The reviewer finds little to criticize adversely in the book beyond the occasional use of the term "gemology." While this term might be generally understood to refer to the science of of gems, it is incorrectly formed for this purpose and in reality has quite a different meaning. The Greeks seem to have had no single term for distinguishing objects used for the purposes for which we use gems, but indicated things of value by the adjective Tivos. Prefixing this adjective to Xíos, stone, the term tiniolithology can be obtained, which is at least a word properly formed to indicate the science of gems.




IN 1915 Professor F. W. Mally called the writer's attention to a very serious disease of onions in Webb County, Texas, and locally known as pink root. Investigations were begun on this disease with Professor Mally, who cooperated in the field experiments and offered valuable assistance in many ways. A search in literature showed that there were no records that could be found, where mention was made of this new plant trouble. From conversation with Professor Mally I was told that Professor W. M. Gilbert, of the United States Department of Agriculture, had at one time worked on this disease and also published an account of the same. However, a letter received from Professor Gilbert dated May 15, 1918, says as follows: "So far as I know there are no publications on this disease, as I did not do enough work on it to secure results for publication and have not had the opportunity to study it very recently." The writer was the first to report on this disease in 1917.1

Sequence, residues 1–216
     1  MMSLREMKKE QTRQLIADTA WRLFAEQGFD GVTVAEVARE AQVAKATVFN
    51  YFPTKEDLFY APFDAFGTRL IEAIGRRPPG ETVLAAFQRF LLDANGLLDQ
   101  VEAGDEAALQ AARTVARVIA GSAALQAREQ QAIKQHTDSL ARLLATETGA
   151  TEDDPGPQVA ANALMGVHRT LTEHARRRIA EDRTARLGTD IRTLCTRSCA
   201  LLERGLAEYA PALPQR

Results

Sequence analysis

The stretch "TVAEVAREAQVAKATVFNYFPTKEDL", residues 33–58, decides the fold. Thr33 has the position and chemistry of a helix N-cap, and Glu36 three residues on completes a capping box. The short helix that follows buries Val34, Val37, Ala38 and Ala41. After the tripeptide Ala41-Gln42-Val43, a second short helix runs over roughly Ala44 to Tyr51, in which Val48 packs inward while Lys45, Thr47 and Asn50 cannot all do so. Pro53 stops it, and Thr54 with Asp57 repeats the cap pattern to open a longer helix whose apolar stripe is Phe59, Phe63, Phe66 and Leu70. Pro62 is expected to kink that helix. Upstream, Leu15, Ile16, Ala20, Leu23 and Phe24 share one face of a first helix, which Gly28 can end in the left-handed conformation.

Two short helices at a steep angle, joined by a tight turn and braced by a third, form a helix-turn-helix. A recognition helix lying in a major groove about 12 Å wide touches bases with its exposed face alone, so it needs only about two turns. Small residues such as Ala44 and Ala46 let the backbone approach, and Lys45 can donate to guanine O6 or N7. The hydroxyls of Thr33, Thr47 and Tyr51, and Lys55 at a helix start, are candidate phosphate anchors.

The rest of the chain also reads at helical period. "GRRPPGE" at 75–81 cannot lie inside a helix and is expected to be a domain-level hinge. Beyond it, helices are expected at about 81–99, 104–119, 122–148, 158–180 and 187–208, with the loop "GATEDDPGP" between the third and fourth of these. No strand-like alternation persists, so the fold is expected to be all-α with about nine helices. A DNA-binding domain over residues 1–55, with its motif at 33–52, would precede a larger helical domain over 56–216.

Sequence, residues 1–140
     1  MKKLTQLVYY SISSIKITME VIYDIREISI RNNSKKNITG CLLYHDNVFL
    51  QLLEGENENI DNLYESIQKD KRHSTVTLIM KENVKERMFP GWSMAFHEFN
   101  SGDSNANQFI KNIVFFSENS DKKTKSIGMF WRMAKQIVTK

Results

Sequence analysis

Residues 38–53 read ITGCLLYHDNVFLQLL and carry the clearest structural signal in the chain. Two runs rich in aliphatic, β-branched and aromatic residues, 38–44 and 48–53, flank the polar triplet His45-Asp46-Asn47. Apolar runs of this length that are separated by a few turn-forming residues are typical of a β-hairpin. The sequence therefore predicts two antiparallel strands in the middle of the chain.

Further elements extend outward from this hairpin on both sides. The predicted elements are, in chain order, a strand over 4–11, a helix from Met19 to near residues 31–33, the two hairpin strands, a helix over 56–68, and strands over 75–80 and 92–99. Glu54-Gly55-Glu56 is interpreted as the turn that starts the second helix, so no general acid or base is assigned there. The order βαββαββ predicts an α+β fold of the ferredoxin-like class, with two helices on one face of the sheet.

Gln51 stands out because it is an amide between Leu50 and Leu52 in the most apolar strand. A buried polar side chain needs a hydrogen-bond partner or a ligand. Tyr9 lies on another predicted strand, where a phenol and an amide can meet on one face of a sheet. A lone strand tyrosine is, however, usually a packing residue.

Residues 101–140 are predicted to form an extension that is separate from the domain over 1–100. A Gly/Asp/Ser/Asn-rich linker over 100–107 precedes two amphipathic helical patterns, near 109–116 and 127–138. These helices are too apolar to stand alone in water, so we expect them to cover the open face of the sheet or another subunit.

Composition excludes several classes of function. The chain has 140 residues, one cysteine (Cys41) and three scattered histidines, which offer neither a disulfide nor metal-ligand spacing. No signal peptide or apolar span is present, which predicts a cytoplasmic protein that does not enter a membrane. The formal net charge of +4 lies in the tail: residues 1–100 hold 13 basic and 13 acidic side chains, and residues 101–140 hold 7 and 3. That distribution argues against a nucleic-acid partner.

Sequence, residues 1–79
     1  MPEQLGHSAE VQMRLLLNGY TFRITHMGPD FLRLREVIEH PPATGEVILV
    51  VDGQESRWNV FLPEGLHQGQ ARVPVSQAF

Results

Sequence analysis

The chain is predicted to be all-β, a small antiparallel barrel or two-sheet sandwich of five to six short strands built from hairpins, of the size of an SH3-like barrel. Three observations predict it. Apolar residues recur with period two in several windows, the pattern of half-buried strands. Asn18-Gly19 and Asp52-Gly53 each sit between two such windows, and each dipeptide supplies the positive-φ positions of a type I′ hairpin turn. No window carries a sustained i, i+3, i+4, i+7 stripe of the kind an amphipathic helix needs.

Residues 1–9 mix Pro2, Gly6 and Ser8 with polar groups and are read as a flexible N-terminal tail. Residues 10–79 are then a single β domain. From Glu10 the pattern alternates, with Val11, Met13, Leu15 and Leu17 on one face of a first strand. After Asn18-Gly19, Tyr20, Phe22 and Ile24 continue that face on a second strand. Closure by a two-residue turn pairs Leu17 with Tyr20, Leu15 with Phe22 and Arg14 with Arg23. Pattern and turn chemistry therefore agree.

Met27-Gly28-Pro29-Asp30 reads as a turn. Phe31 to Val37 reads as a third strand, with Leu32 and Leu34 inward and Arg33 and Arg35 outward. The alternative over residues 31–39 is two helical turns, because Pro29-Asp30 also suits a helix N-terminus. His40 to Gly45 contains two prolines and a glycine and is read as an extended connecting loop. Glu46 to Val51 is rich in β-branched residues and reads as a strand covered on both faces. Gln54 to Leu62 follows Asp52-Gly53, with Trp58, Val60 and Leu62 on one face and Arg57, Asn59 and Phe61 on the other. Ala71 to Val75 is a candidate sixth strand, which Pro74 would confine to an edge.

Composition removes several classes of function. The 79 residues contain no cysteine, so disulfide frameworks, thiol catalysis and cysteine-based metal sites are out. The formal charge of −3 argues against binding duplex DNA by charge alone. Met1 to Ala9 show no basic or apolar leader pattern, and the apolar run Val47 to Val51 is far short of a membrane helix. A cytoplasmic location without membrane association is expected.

1 Taubenhaus, J. J., "Pink Root, a New Disease of Onions in Texas," Phytopath. 7: 59, 1917 (abstract).